Maryland today | “Breakthrough” digital skills across disciplines

The field of computing has both intrigued and intimidated Jennifer Opara-Ndudu, a film and media studies student. Then she was selected for Break Through Tech’s Summer Guild Schedule.

A national initiative with a site at the University of Maryland, Break Through Tech aims to boost underrepresented gender identity groups in tech education and, ultimately, tech careers. And it wasn’t just the IT majors that took part; this year’s Summer Guild program hosted 92 students from 24 majors representing nine UMD colleges and schools.

During Guild, Opara-Ndudu and his team created an app they called “Hangout Hub” to help students find events that matched their interests, while boosting their confidence in exploring tech-related careers. .

In addition to the block-based coding she and her teammates used to develop the Hangout Hub prototype, Opara-Ndudu said she learned how computing could be applied to areas that “might not seem initially compatible”. This was an important takeaway, as 75% of jobs will require advanced digital skills by 2030, regardless of field.

“For our second year of guild hosting at UMD, we really focused on bringing students to campus who haven’t had a chance to explore technology,” said Kate AtchisonBreak Through Tech DC to UMD Site Manager and UMD Associate Director Iribe Initiative for Inclusion and Diversity in IT. “These students have a low-risk opportunity to gain insight into the world of technology and see how they can apply their computer skills to their chosen field or interest.”

With three week-long summer sessions (two virtual and one in-person), freshmen and sophomores were paid to immerse themselves in design thinking and programming using thinkable Software. Beyond tech skills, they discovered remarkable women in tech, education and career opportunities, and more.

Guild students were mentored by 40 volunteers from Accenture, Capital One, Dropbox, Google, Mastercard, Microsoft, Salesforce and Verizon who helped guide their ideation and creative processes.

“What impressed me the most was that the whole idea for the app came out of a conversation about online identity,” said Kevin George, software engineer at Google who mentored the group. of Opara-Ndudu when creating Hangout Hub. “Topics of trust and privacy were a constant topic of discussion, and this group had great cohesion as they worked to come to a solution.”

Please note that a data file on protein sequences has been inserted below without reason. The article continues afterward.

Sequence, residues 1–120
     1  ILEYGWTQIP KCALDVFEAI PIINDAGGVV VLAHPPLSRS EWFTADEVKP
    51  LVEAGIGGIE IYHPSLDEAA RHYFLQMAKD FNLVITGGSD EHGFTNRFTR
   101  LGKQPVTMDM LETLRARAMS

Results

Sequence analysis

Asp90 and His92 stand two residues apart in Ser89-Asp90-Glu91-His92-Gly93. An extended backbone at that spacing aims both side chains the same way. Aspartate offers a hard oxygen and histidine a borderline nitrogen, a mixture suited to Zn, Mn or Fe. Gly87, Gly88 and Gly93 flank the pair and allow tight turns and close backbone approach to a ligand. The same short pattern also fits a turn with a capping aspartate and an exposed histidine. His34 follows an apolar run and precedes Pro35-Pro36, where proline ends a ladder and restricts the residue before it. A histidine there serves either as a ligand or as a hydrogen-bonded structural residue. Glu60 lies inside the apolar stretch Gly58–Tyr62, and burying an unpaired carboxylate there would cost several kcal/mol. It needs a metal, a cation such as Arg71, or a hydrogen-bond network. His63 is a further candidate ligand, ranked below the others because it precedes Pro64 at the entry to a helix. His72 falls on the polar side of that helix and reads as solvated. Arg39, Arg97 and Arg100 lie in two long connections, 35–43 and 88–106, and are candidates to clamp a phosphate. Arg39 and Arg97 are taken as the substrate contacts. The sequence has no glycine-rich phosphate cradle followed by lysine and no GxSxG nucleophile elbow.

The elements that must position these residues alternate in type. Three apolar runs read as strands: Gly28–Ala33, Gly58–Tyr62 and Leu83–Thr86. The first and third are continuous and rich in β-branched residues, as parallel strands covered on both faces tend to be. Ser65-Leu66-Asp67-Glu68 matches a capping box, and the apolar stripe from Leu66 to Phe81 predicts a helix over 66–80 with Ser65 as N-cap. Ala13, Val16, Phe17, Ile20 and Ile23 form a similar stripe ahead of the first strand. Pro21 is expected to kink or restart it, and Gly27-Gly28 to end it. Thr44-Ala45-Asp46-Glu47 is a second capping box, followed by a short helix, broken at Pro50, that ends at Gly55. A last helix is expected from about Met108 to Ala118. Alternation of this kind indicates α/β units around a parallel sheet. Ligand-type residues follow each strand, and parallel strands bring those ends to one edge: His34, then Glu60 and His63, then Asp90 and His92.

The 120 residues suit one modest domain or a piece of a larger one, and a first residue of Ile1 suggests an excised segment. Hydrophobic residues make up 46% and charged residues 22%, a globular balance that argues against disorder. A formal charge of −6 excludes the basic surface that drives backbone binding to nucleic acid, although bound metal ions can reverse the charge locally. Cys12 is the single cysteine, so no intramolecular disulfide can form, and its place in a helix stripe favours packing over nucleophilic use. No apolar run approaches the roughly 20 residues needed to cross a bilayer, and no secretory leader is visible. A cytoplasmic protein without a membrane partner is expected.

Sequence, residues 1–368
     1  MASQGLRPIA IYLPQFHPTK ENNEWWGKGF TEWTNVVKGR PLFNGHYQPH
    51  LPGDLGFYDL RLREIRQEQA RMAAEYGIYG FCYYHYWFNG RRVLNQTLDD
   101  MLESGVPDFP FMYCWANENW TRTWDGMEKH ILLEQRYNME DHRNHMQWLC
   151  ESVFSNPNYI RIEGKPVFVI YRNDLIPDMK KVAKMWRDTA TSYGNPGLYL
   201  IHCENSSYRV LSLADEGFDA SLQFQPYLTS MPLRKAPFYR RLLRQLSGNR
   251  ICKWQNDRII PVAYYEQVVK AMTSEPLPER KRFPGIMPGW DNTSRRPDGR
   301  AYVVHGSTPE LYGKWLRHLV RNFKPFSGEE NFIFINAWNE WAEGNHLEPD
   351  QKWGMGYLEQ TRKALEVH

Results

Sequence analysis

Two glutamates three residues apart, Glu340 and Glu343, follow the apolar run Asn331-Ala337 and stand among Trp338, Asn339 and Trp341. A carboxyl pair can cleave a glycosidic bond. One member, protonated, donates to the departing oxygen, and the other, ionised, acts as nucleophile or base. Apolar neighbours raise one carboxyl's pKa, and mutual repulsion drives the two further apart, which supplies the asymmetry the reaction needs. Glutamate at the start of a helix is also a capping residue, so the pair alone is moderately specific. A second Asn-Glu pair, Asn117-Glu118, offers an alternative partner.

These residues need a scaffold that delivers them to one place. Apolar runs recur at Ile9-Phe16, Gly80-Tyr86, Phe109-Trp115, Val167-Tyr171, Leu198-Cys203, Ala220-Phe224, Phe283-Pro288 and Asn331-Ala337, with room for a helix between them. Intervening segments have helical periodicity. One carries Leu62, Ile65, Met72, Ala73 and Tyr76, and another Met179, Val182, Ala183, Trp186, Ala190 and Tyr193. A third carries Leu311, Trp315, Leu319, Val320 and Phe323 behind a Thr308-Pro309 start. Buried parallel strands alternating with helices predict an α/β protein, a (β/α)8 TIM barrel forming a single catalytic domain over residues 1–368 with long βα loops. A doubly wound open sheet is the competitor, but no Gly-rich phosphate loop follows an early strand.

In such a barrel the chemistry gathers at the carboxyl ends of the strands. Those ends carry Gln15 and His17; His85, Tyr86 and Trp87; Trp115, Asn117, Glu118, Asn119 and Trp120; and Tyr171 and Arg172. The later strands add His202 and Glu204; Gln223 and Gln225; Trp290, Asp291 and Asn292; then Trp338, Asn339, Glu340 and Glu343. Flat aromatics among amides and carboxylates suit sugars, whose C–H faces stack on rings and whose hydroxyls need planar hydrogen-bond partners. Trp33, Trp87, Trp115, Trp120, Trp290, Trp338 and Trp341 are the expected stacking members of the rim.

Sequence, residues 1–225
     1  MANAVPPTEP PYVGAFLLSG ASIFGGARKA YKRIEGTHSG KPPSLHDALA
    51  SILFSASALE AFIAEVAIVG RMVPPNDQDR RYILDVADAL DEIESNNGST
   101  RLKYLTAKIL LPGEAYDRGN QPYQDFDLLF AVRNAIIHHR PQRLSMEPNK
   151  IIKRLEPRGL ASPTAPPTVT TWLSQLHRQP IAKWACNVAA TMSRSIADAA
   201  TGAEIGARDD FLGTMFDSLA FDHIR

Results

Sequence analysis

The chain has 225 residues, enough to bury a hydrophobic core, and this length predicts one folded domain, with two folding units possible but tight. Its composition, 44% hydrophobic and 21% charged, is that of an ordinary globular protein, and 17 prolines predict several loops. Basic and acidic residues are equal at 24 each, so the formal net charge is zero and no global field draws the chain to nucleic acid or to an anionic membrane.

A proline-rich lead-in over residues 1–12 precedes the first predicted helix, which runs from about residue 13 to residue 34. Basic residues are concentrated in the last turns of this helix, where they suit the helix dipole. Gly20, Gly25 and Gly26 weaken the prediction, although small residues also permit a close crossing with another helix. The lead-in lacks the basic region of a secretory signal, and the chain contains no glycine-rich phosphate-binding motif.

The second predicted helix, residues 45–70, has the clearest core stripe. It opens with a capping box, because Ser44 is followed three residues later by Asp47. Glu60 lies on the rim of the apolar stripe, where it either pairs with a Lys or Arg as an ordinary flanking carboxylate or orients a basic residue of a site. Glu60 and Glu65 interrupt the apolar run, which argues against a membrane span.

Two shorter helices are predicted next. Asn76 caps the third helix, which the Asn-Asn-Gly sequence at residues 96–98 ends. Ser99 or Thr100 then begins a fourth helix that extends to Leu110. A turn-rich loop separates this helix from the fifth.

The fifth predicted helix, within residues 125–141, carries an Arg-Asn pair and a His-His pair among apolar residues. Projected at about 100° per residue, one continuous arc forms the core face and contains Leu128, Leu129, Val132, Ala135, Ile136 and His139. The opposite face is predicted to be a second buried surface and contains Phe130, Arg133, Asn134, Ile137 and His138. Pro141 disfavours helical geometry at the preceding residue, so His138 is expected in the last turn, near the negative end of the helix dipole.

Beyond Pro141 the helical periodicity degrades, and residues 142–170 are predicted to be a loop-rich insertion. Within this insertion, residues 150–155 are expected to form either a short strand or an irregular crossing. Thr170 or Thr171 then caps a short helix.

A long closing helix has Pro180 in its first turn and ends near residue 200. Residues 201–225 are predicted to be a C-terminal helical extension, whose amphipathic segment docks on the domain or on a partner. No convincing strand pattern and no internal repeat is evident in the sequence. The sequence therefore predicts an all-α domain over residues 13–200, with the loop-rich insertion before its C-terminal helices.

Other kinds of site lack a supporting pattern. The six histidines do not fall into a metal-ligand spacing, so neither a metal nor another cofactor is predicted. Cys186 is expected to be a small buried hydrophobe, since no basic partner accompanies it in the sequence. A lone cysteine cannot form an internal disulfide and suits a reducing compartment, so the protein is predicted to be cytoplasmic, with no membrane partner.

To drive home this point, the Break Through Tech team partnered with a Baltimore-based tech company Without fear organize a virtual field trip National Museum of African American History and Culture. Fearless helped museum curators reimagine their in-person exhibits in a digital backgroundand deepening user interface design in an online museum context further piqued Opara-Ndudu’s interest in immersive media.

“I’m excited to continue what I started at Guild,” said Opara-Ndudu. “I plan to stay involved with Break Through Tech as I explore more technical areas associated with computing and find a way to incorporate my findings into my interest in media.”

This fall, Opara-Ndudu is enrolling in the “Introduction to Computer Programming via the Web” course to continue learning how technical skills can apply to her interests in the arts.

“I’m so proud of every student who participated in Guild this year, especially our students like Jennifer who strived to see how technology skills can be an asset in any career path,” said Elias Gonzalez. , chief innovation officer for the Break Through Tech program. “It’s so special for us at Break Through Tech to see these students become part of our post-Guild community.”

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